This new pathway emerged when he found himself owning the historic but terribly dilapidated, Northern School Supply building in downtown Fargo. As he tells the story, the previous owner was preparing to demolish the building, and the City of Fargo was paying monthly rent in an attempt to forestall its demise when he offered to take the building and accept liability for $100,000. The owner happily divested, and Burgum got to work on $1.5 million in rehabilitation costs before donating the building to his alma mater North Dakota State University.(2) The building is now the downtown home for its architecture school. When Burgum was rehabilitating the Northern School Supply building, he used a brand-new statewide program called the Renaissance Zone to exempt property and state income taxes for the first five years after rehabilitation.

Burgum noticed something important about this project. The rehabilitation of the Northern School Supply building became more than just the reuse of a vacant old building. It was the revitalization of a district, drawing students and faculty from the university into the heart of Fargo. What started as a rather uneconomic endeavor that could only be undertaken by someone with a financial cushion to fall back on, became the catalyst for actual business opportunity. He formed Kilbourne Group in 2007 and started buying properties – warehouses, underutilized parking lots, and a vacant church, anything that needed a new life – in downtown Fargo.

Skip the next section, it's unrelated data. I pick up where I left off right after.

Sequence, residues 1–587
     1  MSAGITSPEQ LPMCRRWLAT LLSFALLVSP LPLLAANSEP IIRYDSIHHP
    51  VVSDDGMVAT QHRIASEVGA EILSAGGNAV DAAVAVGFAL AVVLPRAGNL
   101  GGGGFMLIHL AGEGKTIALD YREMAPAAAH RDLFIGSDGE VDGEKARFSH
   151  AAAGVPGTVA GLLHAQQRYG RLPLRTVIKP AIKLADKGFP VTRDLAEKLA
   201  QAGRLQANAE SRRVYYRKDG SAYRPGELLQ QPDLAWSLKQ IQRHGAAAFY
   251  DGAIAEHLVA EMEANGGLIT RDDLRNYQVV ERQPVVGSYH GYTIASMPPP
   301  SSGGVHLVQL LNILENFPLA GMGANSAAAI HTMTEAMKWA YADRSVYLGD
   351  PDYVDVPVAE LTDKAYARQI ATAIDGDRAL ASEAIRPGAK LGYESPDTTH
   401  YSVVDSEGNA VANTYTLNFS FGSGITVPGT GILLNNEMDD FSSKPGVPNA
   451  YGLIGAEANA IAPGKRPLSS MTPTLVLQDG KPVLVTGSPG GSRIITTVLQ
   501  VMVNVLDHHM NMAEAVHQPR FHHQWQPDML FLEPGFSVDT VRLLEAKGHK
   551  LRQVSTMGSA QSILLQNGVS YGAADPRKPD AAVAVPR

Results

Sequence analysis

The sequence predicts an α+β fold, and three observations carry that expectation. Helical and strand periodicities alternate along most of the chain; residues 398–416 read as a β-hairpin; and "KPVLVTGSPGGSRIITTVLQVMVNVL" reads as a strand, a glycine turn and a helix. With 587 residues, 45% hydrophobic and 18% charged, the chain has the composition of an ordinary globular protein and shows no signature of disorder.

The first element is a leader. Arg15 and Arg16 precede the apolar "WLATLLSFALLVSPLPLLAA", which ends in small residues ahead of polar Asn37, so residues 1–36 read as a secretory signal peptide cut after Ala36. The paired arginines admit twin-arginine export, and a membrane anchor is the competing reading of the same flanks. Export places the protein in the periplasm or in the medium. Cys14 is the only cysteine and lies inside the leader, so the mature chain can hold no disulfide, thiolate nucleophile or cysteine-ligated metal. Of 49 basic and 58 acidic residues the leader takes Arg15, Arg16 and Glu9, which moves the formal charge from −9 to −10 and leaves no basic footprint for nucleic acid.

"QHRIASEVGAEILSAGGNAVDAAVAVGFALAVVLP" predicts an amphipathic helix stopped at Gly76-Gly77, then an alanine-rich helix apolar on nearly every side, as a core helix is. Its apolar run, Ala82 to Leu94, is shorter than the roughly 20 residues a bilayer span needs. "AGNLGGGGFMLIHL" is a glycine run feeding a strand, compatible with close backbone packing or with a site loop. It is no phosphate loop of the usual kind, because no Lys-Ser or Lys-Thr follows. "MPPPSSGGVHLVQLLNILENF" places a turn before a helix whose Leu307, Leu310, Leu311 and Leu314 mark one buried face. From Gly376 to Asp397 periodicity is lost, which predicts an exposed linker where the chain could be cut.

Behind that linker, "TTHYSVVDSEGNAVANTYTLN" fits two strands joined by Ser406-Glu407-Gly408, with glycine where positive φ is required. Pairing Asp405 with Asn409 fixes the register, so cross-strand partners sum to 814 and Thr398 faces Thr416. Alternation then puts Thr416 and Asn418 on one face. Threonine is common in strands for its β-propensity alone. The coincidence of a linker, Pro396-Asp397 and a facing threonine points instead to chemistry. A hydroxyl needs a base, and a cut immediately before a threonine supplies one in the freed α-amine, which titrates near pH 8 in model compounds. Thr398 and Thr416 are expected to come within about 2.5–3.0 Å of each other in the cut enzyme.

Kilbourne Group has been part of a decade of revitalization in downtown Fargo that continues unabated. The total assessed value of properties in the downtown increased from around $197 million to over $600 million in the last 15 years,(3) and several projects are in the final planning stages, including the $98 million 18-story mixed-use development known as Block 9. (4) Nationwide organizations, such as the American Planning Association and Forbes Magazine, have heaped praise on the center of this locale previously known mostly for the eponymous Coen Brothers’ film. By all accounts, downtown Fargo is thriving, and other cities in North Dakota have taken notice.

While actively developing downtown Fargo properties, Burgum continued to hone his message and share it with groups in Fargo and other nearby communities. Before long he became North Dakota’s chief apologist for vital city cores, obviously passionate about their potential. The first time I heard him speak was his address as the keynote speaker at the 2014 North Dakota Downtown Conference at the Bismarck Heritage Center. His vision for the future is very much rooted in the past. I recall him showing black-and-white images of early downtown Fargo, teeming with life, before the push-and-pull forces of urban renewal and suburbanization slowly degraded it throughout the latter half of 20th Century. Just like restoring a beautiful old building into a contemporary office, he wanted to restore the traditional city for the 21st Century.